If President Trump wants to succeed in office, he needs to preside over robust job creation. And a critical component of his administration's job creation initiative lies in investment in America's natural resources and energy production.
In large part, that means new infrastructure is needed. As the United States shifted from an importer toward becoming an exporter of energy resources over the past decade, it became apparent that our existing energy infrastructure was simply not adequate to handle increased shipments of commodities like oil and natural gas from areas of new production to traditional refining and processing regions.
Even after reversing the flow of certain pipelines in areas along the Gulf, it became clear that new construction was needed to support the increased supply. Thus, our current efforts to construct new, safe, and efficient pipeline infrastructure began.
The new nationwide effort to build new energy infrastructure has provided jobs for thousands of American workers across the country, and necessitated the supply of manufactured materials from rolled steel, to valves, to heavy machinery.
This pipeline boom in the construction phase alone has brought thousands of jobs, but it won't end there. By constructing these critical components of energy infrastructure, America's manufacturing revolution can rely on affordable, safely transported energy resources to power increased production. This will supply products for consumers and jobs for thousands of men and women across the country.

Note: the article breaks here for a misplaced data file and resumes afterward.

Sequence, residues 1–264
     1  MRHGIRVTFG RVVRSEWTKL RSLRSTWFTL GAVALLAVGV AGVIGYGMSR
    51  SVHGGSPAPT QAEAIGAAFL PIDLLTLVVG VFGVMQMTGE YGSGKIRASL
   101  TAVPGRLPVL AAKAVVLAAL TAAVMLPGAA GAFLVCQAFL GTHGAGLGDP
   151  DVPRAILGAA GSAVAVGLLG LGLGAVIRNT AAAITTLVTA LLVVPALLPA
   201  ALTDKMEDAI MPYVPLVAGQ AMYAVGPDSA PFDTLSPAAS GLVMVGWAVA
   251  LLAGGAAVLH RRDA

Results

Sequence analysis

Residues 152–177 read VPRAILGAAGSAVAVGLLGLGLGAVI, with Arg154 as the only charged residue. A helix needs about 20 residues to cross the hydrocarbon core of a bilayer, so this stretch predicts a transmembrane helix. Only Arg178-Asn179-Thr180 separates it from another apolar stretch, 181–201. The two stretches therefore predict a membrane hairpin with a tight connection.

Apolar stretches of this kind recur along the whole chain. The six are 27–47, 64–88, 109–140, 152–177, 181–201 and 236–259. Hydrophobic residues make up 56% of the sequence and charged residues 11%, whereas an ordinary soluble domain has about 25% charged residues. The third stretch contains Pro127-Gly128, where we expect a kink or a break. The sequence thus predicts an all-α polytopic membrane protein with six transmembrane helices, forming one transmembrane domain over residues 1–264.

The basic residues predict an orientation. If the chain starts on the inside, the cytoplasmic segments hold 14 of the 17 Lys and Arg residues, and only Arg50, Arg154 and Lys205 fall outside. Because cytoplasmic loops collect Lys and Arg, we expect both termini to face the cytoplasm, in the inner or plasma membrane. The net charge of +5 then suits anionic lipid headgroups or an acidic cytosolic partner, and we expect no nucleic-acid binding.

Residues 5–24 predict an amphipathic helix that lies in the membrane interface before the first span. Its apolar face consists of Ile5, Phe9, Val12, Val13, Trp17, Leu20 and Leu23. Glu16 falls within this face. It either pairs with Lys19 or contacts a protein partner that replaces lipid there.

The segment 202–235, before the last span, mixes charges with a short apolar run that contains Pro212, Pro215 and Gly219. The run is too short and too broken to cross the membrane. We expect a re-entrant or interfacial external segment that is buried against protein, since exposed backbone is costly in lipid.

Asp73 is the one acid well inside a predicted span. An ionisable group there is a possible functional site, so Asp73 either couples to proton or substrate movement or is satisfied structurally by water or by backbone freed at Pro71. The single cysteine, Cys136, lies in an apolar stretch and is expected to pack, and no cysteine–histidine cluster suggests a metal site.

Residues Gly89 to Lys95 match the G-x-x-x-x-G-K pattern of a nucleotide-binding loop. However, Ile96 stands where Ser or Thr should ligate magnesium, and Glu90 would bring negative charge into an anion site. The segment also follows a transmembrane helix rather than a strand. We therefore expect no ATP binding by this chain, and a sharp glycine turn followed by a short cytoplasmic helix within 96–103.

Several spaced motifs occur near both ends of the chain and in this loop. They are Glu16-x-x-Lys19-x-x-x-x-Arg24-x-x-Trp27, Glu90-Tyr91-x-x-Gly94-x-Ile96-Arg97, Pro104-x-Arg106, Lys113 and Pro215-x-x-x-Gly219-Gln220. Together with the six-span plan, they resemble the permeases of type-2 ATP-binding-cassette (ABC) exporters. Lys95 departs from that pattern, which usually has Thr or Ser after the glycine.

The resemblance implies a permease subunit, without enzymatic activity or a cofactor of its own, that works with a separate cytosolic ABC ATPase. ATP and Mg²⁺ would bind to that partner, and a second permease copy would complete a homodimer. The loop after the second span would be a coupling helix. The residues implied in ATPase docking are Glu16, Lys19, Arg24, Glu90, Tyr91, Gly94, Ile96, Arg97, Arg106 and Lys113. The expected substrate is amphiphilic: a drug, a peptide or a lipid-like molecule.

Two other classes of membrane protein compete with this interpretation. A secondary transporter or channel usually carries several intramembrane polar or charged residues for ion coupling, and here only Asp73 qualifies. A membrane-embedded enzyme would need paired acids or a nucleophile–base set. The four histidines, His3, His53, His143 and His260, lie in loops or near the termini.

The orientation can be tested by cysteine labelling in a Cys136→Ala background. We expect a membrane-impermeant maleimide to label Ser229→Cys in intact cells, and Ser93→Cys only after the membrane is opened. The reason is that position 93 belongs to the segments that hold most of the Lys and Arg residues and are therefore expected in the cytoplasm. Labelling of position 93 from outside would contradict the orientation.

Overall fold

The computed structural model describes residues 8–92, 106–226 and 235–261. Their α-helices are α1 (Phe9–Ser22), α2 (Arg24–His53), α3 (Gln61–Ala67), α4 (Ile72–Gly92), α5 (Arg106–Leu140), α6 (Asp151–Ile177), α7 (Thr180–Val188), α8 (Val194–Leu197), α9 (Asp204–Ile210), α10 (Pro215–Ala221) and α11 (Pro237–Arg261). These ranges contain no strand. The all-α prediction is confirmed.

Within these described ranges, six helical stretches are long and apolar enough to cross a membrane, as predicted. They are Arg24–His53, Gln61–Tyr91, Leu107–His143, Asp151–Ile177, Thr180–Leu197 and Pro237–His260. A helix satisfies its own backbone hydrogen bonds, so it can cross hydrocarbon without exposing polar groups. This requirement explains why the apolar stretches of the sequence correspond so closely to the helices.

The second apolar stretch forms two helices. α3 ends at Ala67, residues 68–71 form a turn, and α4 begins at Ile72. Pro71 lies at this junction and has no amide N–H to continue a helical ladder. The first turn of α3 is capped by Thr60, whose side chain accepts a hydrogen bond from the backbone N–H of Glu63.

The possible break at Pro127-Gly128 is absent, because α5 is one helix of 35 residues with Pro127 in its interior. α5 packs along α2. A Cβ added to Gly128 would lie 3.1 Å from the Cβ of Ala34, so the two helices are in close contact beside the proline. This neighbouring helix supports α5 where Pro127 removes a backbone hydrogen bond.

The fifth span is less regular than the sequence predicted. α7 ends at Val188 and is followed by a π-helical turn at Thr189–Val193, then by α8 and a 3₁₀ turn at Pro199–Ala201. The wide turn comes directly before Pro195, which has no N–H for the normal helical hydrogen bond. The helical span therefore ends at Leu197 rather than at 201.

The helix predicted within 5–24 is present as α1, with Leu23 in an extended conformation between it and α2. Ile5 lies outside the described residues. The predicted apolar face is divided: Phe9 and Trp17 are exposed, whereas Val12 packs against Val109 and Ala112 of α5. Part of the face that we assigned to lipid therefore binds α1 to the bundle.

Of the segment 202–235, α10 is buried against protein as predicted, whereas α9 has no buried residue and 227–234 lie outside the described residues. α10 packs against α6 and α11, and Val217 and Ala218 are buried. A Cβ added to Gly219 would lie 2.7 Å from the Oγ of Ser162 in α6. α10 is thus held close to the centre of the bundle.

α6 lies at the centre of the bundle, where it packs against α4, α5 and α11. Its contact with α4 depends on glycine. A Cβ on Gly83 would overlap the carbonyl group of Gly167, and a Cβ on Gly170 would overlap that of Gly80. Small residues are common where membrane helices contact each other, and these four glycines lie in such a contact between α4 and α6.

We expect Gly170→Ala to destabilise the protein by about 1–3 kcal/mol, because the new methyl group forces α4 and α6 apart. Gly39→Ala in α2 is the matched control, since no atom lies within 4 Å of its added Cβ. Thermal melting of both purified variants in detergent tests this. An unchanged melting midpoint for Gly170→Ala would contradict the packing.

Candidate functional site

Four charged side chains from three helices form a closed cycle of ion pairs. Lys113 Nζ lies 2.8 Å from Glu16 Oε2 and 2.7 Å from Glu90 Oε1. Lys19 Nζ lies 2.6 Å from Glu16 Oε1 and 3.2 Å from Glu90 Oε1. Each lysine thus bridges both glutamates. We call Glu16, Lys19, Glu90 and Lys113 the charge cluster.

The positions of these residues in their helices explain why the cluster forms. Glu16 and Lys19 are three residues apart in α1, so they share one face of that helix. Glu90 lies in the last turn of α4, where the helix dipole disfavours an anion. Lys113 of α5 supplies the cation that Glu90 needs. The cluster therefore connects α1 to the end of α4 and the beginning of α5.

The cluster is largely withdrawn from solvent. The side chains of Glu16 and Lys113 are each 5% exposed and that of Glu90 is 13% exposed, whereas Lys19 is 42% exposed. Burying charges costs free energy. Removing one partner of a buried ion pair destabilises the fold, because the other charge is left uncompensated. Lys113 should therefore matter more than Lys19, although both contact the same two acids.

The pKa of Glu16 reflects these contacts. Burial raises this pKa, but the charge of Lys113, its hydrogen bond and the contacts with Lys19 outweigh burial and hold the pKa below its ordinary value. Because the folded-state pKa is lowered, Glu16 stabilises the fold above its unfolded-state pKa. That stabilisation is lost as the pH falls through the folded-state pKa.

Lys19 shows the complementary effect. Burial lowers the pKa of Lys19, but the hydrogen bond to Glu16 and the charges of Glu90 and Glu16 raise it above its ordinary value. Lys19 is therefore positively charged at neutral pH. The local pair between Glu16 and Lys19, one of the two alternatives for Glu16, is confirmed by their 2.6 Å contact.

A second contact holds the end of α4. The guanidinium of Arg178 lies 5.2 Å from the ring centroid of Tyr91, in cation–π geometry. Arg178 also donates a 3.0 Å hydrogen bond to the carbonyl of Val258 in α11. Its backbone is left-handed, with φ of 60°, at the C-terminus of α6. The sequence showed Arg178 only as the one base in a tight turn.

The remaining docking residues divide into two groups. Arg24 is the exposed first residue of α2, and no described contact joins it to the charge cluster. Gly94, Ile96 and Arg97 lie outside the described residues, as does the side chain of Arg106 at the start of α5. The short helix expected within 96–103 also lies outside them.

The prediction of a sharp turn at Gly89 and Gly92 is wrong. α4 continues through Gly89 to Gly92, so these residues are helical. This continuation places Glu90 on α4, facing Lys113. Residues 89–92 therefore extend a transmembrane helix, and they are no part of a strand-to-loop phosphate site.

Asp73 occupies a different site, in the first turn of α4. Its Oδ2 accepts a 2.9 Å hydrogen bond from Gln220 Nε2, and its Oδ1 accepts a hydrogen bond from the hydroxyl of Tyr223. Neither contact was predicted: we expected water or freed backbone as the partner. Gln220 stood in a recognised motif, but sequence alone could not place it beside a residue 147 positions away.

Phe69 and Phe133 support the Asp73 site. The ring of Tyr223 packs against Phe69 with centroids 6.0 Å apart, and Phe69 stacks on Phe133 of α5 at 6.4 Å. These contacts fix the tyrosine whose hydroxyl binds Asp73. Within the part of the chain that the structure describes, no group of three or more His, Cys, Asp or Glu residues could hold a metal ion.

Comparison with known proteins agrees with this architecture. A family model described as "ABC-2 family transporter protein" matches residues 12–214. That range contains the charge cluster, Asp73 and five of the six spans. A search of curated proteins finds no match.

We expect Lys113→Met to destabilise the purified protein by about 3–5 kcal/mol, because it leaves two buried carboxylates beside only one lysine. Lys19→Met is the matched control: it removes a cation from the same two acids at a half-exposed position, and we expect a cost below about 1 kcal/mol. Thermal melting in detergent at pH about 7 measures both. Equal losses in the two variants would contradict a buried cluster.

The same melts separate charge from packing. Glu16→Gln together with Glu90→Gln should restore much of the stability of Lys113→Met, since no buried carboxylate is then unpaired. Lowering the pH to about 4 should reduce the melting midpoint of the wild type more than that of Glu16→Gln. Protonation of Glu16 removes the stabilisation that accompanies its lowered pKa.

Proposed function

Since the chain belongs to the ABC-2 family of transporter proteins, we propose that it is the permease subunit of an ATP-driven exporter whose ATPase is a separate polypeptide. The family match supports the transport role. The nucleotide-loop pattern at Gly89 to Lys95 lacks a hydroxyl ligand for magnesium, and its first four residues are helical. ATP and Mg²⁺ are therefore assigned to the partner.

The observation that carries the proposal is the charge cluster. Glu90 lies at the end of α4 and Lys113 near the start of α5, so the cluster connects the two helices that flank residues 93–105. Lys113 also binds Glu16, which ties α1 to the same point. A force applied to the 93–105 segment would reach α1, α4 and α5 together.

And although the immediate benefits lie in the construction trades and manufacturing industry, the reality is that all Americans rely on affordable energy resources to power their daily lives. The safe delivery of these resources through American-made infrastructure should be a priority.
But anti-oil and gas activists across the country are working furiously to derail this growth. Recall, for example, how they have resorted to violent protests, such as last year's long and violent action in North Dakota.
Despite their failures to stop projects on the ground or in the courts, they continue to apply pressure wherever they can. And unfortunately, as part of a newly announced "corporate responsibility" initiative, they have successfully pressured U.S. Bancorp into ceasing funding for any pipeline infrastructure initiative. This is dumb and counterproductive, but it meets the activists' goals.
Ironically, U.S. Bancorp provides many other financial services to oil, gas and pipeline companies, and also to the federal government, including the Department of Energy. The bank's new and short-sighted policy flies in the face of the bank's obligation to meet its shareholder's goals, to say nothing of the broader hypocrisy of a bank failing to assist financially in its largest client's initiative to rejuvenate and construct America's pipeline infrastructure.
The bank should be seeking to improve and secure access to American energy infrastructure and development, just as the U.S. government will remain committed to its mission. U.S. Bancorp should consider its function and its investors before buckling to outside pressure from additional "corporate responsibility" initiatives that could further alienate the bank from mainstream thought.
The path to future growth is clear. Pipelines are the safest way to move fuels. They are a key component to job creation of jobs, reduction of energy prices, and a necessary part of an all-of-the-above approach to American domestic energy production.
Banks must recognize their duties to the country and the importance of these investments to the long-term security and adequacy of American energy.
Jack Rafuse, a former energy adviser for the Nixon administration, heads the Rafuse Organization, an independent consultancy on energy, trade and security issues.
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